The Turnbull government has brought forward a range of measures to address housing affordability, such as the First Home Super Saver Scheme, downsizing measures, travel and plant & equipment deductions, and placing tighter restrictions on foreign investors.
First introduced in the 2017 budget, these measures were proposed to Parliament on Thursday in an attempt to allow for Australians, particularly younger Australians, to purchase property.
“Home ownership is falling, out of reach for many younger Australians. With house prices high, difficulty saving a deposit is a key barrier to getting into the market,” said assistant minister to the treasurer and federal member for Deakin, Michael Sukkar.
These measures were recommended as Treasury Laws Amendment (Reducing Pressure on Housing Affordability Measures No. 1) Bill 2017, First Home Super Saver Tax Bill 2017, Treasury Laws Amendment (Housing Tax Integrity) Bill 2017 and Foreign Acquisitions and Takeovers Fees Imposition Amendment (Vacancy Fees) Bill 2017, all by Mr Sukkar.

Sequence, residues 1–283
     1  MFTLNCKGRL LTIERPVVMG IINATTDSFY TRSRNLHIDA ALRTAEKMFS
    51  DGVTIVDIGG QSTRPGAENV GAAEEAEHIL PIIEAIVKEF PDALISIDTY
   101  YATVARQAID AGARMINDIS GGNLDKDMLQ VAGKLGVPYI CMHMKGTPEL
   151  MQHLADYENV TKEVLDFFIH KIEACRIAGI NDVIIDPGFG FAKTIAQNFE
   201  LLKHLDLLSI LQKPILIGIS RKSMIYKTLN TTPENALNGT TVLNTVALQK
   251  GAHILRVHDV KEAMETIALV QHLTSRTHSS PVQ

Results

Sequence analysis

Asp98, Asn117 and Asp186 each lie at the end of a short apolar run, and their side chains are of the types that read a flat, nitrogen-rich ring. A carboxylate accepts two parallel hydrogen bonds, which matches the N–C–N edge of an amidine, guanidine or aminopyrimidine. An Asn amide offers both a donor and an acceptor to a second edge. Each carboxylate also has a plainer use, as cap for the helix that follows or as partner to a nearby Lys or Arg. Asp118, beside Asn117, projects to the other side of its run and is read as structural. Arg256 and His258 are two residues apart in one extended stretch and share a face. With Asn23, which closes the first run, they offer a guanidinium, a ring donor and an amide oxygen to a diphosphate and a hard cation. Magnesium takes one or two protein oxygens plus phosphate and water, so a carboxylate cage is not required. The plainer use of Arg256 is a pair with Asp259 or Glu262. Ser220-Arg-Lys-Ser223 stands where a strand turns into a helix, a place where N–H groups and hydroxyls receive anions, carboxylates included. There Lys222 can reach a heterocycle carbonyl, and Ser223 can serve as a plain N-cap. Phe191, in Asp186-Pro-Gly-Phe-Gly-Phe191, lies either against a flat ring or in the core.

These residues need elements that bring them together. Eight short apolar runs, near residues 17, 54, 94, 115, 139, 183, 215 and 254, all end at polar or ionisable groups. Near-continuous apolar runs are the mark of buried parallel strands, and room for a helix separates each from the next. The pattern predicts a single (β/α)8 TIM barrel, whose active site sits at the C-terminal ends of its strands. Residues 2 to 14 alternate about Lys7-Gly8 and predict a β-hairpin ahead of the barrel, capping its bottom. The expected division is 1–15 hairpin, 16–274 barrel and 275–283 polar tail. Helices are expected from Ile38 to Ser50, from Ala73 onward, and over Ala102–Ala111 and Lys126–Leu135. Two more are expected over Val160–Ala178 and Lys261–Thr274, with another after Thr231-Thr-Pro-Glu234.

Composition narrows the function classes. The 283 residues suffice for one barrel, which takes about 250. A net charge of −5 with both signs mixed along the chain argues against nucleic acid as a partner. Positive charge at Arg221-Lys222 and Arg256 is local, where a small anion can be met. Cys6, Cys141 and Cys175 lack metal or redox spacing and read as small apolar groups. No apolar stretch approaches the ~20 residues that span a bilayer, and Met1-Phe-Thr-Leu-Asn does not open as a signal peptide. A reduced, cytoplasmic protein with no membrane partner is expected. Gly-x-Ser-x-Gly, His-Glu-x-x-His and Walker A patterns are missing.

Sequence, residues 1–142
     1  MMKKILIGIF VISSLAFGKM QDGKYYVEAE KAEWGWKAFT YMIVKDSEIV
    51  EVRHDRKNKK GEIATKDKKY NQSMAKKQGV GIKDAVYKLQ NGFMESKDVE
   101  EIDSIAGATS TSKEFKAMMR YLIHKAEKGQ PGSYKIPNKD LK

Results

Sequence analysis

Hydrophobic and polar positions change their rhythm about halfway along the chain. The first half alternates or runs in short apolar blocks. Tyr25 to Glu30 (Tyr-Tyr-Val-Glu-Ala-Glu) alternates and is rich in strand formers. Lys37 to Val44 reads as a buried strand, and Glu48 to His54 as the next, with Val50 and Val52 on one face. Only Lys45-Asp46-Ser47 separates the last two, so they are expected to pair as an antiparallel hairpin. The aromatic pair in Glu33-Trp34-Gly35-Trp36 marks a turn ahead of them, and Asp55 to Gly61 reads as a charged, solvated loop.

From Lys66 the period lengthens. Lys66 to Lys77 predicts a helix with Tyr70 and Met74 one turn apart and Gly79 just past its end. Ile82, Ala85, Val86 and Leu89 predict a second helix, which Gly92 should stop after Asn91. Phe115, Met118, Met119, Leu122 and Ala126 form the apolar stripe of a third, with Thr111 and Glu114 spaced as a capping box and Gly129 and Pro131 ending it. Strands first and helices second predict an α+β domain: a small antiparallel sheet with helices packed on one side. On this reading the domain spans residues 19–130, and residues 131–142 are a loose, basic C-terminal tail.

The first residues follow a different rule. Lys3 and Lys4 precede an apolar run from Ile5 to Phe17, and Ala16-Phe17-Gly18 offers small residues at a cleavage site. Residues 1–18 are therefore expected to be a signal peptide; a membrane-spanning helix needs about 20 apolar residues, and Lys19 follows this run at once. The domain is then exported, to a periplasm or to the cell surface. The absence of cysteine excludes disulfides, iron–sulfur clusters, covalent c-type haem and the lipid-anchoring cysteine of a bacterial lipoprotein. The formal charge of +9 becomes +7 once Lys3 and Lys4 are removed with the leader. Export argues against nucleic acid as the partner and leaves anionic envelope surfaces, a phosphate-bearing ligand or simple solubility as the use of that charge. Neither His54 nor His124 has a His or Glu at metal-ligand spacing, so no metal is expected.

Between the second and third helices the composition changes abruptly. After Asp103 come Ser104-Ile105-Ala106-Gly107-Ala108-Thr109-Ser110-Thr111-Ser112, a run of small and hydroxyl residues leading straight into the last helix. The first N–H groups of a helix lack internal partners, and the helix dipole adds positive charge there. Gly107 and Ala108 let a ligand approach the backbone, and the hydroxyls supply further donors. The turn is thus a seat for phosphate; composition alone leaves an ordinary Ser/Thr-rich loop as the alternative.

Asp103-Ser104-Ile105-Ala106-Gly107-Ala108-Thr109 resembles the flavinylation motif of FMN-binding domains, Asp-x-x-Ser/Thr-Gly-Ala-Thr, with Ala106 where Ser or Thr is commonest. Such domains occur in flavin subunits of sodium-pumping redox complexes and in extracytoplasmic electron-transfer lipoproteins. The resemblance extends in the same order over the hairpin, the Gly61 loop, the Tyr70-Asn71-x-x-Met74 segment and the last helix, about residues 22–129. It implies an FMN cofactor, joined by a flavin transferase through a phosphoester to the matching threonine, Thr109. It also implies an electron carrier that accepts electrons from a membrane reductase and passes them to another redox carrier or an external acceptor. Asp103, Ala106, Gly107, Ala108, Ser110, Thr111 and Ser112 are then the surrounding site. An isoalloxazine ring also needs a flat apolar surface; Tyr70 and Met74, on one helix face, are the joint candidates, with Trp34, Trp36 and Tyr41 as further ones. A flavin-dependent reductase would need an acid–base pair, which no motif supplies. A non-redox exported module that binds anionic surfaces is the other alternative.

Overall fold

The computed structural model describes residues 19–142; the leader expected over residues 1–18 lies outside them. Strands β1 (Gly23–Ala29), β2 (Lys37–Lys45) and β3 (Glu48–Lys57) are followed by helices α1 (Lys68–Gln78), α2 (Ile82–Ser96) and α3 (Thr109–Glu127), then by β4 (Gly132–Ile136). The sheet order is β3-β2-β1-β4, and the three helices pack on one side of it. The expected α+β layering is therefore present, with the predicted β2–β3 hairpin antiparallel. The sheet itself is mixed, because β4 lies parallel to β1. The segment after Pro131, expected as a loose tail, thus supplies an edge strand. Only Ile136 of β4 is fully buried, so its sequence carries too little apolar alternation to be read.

All four of the bills will undergo a second reading, with debate to be adjourned.
“These changes were announced in the budget, and this bill gives effect to those announcements,” Mr Sukkar said.
“That’s why the changes contained in this bill are essential and why we need to act now.”
What changes to the law is the government proposing?
Treasury Laws Amendment (Reducing Pressure on Housing Affordability Measures No. 1) Bill 2017 and First Home Super Saver Tax Bill 2017
Currently, those aged 65 and over have super contributions relating to the proceeds of the sale of a person’s main residence subject to contribution caps. The new law however allows for uncapped downsizer contributions, as long as the main residence is owned by you or a spouse for at least 10 years. The contributions are limited to $300,000, are not deductible, and can only be made in relation to the sale of a main residence once.
Treasury Laws Amendment (Housing Tax Integrity) Bill 2017 and Foreign Acquisitions and Takeovers Fees Imposition Amendment (Vacancy Fees) Bill 2017
The new law will not be able to deduct a loss or outgoing if it is related to travel to gain or produce assessable income from residential property. Exceptions allow for corporate tax entities, super plans that are not self-managed, a public unit trust, a managed investment trust, or a unit trust or partnership.
Further, assets can be deducted for the first time they’re installed or used in a residential property.
In terms of the vacancy levy, foreign investors will be hit with a fee when their property has been occupied for less than 183 days in a year, with penalties for those who fail to submit or keep required records.
The government has sought public input on draft legislation for travel and plant and equipment depreciation and foreign investment, as published previously.